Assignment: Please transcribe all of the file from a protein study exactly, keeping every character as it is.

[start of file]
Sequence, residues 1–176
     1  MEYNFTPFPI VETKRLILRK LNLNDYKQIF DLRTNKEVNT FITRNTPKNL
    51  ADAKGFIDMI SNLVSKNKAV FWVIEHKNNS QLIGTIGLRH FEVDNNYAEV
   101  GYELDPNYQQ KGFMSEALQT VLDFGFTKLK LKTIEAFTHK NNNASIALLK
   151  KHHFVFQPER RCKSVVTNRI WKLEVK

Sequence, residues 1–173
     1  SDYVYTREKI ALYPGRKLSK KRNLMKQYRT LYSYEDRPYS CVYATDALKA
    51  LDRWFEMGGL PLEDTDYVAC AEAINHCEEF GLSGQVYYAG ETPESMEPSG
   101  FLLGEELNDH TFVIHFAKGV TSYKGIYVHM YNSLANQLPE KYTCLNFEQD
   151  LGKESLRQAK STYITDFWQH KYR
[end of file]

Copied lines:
Sequence, residues 1–176
     1  MEYNFTPFPI VETKRLILRK LNLNDYKQIF DLRTNKEVNT FITRNTPKNL
    51  ADAKGFIDMI SNLVSKNKAV FWVIEHKNNS QLIGTIGLRH FEVDNNYAEV
   101  GYELDPNYQQ KGFMSEALQT VLDFGFTKLK LKTIEAFTHK NNNASIALLK
   151  KHHFVFQPER RCKSVVTNRI WKLEVK

Sequence, residues 1–173
     1  SDYVYTREKI ALYPGRKLSK KRNLMKQYRT LYSYEDRPYS CVYATDALKA
    51  LDRWFEMGGL PLEDTDYVAC AEAINHCEEF GLSGQVYYAG ETPESMEPSG
   101  FLLGEELNDH TFVIHFAKGV TSYKGIYVHM YNSLANQLPE KYTCLNFEQD
   151  LGKESLRQAK STYITDFWQH KYR